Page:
# Independence of the comprehension axiom

What's wrong with the following line of reasoning, if so?

The comprehension axiom of Zermelo's set theory would be provable by the other axioms, if the following was provable:

($*$) All subclasses of a set are sets.

Then, especially all definable subclasses of a set were sets, which is essentially what the comprehension axiom says.

Since I assume that the comprehension axiom is not provable by the other axioms, ($*$) must not be provable. What does this mean? Are there models of set theory with subclasses of sets that are not sets?

• Now when you say the axioms of $ZF$, do you include Replacement? – Asaf Karagila Jun 18 '11 at 16:27
• Sorry, I didn't want to include Replacement, so I changed ZF to Zermelo's. – Hans-Peter Stricker Jun 18 '11 at 16:46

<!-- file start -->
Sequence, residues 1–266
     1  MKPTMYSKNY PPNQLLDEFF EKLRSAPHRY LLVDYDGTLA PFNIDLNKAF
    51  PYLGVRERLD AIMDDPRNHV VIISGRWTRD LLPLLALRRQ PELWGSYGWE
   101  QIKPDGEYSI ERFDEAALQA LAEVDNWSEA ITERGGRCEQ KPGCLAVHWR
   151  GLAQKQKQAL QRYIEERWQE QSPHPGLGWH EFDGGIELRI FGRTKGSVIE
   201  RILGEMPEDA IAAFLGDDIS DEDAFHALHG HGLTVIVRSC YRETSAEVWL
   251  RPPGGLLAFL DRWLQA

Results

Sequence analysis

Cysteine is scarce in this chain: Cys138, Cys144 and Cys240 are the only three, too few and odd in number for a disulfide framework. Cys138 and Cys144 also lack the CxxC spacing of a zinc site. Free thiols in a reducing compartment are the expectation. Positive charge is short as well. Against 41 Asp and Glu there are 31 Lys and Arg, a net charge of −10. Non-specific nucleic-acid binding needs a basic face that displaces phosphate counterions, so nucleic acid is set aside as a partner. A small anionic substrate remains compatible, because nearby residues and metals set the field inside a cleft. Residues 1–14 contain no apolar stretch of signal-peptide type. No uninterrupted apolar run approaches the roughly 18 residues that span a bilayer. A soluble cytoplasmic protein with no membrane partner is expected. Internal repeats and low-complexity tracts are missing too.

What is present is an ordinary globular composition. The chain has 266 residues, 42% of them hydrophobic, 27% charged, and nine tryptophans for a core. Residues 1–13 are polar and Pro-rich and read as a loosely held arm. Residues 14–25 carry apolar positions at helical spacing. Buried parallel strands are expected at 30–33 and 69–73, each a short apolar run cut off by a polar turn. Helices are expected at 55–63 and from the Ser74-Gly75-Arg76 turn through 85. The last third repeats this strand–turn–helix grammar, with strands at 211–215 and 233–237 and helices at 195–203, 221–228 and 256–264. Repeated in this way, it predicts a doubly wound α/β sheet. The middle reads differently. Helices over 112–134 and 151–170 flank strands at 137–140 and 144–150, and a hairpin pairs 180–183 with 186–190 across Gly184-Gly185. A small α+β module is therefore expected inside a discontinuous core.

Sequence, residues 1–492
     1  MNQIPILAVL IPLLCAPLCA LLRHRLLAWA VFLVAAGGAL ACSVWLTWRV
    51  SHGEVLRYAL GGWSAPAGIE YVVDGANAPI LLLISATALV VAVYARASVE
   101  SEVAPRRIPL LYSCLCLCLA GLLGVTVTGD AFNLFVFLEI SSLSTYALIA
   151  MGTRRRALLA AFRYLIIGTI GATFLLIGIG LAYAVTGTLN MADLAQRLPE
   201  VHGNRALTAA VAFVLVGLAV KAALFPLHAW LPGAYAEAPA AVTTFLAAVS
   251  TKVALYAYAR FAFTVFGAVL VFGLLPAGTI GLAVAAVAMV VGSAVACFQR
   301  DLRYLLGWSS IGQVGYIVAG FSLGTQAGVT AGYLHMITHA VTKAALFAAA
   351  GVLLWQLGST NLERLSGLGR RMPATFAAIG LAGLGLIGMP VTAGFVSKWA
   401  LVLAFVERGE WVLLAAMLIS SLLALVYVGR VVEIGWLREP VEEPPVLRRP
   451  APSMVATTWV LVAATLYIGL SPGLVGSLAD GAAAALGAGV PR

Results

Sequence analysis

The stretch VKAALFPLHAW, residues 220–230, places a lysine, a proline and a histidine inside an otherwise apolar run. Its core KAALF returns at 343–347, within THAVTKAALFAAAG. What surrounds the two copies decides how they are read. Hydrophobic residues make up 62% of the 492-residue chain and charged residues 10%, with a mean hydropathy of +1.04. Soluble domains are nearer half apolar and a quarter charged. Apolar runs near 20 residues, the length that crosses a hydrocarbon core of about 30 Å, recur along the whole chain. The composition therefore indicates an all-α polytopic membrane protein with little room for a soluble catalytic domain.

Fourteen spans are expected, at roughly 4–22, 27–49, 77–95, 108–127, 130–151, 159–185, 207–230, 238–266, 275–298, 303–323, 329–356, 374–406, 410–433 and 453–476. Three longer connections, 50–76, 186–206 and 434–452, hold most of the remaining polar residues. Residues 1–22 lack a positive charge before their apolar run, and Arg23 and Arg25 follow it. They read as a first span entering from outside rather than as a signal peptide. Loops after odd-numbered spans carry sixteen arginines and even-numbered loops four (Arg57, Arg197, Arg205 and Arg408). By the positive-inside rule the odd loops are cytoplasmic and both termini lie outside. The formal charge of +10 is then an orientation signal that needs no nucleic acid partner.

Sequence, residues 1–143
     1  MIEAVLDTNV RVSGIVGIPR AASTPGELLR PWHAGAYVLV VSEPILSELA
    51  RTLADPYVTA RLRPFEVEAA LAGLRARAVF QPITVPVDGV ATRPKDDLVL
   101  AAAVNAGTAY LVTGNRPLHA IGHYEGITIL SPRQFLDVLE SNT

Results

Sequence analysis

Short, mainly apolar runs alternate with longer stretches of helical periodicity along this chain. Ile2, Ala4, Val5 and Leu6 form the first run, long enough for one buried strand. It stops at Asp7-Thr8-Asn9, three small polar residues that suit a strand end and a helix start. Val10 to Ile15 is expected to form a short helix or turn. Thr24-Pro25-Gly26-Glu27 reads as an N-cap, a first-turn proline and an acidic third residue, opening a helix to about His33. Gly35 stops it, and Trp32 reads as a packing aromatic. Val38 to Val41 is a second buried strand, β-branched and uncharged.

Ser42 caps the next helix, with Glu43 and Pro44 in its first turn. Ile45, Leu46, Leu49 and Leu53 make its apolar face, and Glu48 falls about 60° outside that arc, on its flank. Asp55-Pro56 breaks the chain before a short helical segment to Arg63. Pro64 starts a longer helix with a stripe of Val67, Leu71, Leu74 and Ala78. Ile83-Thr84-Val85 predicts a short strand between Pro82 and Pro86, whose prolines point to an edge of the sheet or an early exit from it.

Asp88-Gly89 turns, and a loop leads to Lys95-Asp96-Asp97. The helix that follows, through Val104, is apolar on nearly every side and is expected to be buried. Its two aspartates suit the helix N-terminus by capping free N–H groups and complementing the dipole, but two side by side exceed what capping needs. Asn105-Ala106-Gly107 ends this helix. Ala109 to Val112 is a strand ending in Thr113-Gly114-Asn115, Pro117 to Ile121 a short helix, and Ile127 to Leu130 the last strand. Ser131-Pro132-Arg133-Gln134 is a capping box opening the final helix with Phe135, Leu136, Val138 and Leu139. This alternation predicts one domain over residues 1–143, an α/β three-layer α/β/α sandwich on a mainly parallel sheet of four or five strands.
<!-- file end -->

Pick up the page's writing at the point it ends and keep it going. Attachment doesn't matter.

You can't translate your axiom "all subclasses of a set are sets" into a logical sentence of ZFC (with fist-order quantifiers, logical connectives, and $\in$). Since this sentence doesn't exist, you can't discuss its provability from the other axioms.
Now look at the picture of $\mathbb{N}$ in this model. The class of all "real world" subsets of this is "really" uncountable. So most of these subsets are not sets in our countable model of ZFC.
Technical remarks: In connection with the countable model assertion, I should have mentioned the Lowenheim-Skolem Theorem. And one needs in addition to show that the countable model can be chosen so that its elements are sets, and the $\in$ relation of the model is the ordinary $\in$ relation. This can be done.